4 Things You Should Do Before Turning 30

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Turning 30 is a terrifying prospect for a lot of people, even if, in practical terms, nothing really changes when you wake up on the morning of that dreaded birthday. Psychologically speaking, however, the impact of reaching this particular milestone can be huge.

It can feel like the pressure to be a ‘grown-up’ has suddenly increased tenfold, and with our 20s suddenly behind us, we can experience a sense of loss and regret, as though time is running out to follow our dreams.

But it doesn’t need to be this way. It’s all about perspective, and taking the time to do these four things will help set you up to tackle the challenges of life after 30 and eliminate regrets.

  1. Take risks and fail

There’s nothing to say you should stop taking risks once you reach your 30s, but are you really all that likely to if you never have before?

Failure is a part of life and shouldn’t put us off trying new things, but all too often, that isn’t the case. The good news is, the more often you take risks that don’t quite work out, the more courage you develop to face the challenges life throws at you in the future.

Taking risks in your 20s, regardless of the outcome, helps you develop a thicker skin, which sets you up nicely for more success in your 30s. You’ll learn a lot, too, and that’s never a bad thing.

  1. Explore what you like… and what you don’t like

There’s plenty of time to stick to one thing later, so take the opportunity to explore who you are and what you want. Not sure about your job? Try something different while you can. And if you don’t know whether or not you’ll like the alternative, you can always change again. How will you know whether something else is better for you if you don’t give it a go?

Use your 20s to find out what you like, who you like, and what you want to do with the rest of your life. There’s no need to make any firm decisions just yet, and when you do, you’ll be more certain they’re the right ones for you.

The longer you leave it to make a change, the harder it is, and that makes you feel pressured into settling for a less than perfect life. Take the chance to try as much as you can early on and you’ll have a fully developed idea of where you’re headed.

  1. Figure out which learning methods work best for you

People often say that we never stop learning, and it’s true in every sense. For our personal and professional development, we continually educate ourselves throughout life, and at no point is this more important than the crucial growth and career advancement stage during our 30s.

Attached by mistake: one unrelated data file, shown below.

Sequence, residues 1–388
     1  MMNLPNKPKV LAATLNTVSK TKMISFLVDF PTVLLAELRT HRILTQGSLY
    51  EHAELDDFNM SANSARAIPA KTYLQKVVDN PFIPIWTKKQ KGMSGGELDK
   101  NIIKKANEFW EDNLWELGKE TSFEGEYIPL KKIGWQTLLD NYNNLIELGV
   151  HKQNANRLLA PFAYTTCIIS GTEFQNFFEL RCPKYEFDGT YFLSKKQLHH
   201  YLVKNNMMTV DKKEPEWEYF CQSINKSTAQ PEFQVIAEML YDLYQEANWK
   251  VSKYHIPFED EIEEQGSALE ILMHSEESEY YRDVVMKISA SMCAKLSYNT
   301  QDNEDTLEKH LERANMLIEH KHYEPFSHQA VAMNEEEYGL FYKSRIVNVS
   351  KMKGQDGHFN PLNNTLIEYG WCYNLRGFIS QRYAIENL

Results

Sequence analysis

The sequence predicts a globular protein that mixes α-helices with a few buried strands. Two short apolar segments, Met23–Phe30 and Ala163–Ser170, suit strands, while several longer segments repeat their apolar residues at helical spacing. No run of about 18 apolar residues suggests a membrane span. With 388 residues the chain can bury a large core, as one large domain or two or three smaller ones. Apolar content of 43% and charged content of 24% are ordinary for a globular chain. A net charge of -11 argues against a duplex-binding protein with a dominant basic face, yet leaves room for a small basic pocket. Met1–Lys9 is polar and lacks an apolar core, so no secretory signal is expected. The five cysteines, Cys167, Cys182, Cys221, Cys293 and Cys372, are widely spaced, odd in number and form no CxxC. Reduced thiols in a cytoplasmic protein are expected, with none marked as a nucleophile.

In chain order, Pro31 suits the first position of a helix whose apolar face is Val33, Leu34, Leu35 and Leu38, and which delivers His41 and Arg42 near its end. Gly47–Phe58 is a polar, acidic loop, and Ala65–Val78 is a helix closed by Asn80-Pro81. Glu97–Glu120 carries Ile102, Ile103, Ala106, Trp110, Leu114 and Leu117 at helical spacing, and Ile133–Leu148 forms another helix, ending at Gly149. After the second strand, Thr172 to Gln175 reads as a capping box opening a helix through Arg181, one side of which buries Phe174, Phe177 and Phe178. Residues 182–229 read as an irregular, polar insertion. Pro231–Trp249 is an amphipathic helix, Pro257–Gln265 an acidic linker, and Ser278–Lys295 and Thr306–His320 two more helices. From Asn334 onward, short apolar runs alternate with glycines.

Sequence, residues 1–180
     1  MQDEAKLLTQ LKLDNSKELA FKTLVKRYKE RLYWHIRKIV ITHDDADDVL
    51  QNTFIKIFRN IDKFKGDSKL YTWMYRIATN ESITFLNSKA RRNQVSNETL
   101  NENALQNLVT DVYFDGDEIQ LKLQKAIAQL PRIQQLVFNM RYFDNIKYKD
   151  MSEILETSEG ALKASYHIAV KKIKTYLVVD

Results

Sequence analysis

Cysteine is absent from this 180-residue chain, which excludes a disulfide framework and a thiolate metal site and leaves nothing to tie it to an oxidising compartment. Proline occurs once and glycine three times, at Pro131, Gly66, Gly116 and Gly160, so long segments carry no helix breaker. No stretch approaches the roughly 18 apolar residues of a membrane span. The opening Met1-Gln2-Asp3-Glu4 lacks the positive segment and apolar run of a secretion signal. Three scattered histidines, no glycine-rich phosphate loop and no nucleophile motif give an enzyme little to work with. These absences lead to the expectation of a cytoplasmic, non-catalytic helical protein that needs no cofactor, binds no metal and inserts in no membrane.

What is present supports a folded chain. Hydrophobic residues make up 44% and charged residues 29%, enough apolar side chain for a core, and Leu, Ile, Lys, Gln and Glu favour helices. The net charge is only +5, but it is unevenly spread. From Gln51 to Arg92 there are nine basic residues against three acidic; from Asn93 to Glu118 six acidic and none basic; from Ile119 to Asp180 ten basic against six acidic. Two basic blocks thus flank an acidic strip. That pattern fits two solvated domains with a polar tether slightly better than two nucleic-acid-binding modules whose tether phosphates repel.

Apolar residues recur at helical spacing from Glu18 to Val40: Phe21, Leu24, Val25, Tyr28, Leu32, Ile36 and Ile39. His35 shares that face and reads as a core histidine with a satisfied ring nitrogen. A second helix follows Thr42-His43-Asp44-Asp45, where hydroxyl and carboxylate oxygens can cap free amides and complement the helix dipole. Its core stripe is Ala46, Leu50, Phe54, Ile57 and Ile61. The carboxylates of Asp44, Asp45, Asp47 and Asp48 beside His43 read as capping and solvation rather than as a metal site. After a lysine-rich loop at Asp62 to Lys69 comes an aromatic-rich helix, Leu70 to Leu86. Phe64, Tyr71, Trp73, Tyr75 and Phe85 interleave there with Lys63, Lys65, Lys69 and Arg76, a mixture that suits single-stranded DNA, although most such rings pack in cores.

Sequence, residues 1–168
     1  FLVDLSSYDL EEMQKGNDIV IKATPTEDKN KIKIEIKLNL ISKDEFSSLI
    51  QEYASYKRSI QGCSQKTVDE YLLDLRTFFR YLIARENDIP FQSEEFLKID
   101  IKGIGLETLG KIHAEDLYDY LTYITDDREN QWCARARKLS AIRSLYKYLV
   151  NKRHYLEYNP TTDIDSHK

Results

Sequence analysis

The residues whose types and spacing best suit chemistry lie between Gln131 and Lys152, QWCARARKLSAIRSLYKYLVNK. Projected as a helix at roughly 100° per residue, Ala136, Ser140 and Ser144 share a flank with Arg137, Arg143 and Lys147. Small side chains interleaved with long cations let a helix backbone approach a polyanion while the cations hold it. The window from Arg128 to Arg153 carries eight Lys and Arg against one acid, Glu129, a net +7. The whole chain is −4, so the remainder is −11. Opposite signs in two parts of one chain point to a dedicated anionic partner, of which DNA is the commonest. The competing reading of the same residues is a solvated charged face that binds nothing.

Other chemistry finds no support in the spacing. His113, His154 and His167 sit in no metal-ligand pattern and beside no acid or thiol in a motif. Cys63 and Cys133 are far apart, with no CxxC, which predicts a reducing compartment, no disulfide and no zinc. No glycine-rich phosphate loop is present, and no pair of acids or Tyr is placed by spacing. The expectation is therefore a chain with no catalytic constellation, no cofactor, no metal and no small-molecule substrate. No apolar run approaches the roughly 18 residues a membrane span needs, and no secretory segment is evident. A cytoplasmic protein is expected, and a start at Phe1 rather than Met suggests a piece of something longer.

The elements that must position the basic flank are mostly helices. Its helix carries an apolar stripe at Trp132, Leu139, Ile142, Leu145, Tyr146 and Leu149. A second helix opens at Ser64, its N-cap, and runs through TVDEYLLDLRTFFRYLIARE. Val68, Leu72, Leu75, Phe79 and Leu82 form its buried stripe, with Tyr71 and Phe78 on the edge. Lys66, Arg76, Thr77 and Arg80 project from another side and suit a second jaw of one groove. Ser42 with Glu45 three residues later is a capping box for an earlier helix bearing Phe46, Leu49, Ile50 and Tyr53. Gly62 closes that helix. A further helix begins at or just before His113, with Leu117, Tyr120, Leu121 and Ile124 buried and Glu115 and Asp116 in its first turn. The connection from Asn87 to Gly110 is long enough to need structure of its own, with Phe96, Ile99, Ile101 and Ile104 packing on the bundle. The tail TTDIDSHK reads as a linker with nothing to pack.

Your 20s are the perfect time to figure out how you learn most effectively so that by the time you hit 30, you’ll already have it down.

Do you learn things best from other people? Are you more someone whose personal growth comes from contemplative time spent alone? A big reader who gains the most knowledge from books? Maybe you’re a mix, or something else entirely. Whatever it is that helps you learn, it’s for you and you alone to figure out, and the sooner you do so, the more time you’ll have to put it into practice for lifelong improvement.

  1. Travel to a lot of different places

“Travel is fatal to prejudice, bigotry, and narrow-mindedness,” Mark Twain famously wrote, and, as it happens, science has proven him right.

When we experience different cultures, we gain a greater understanding of the world as a whole and its interconnected nature, and that is a huge positive in terms of personal growth, building trust and empathy towards our fellow humans. Extensive travel is beneficial on a more simple level, too. It can be relaxing, exciting and everything in between, and gives us experiences that aren’t possible otherwise.

While it’s still possible – and absolutely recommended – to travel whenever we can throughout life, for most people it’s easiest during our 20s, before too much responsibility sets in and we suddenly don’t have the time anymore.

What’s more, the memories you make traveling before turning 30 will set you up with an enduring wanderlust that makes you far more likely to keep traveling later in life, with all the benefits it brings.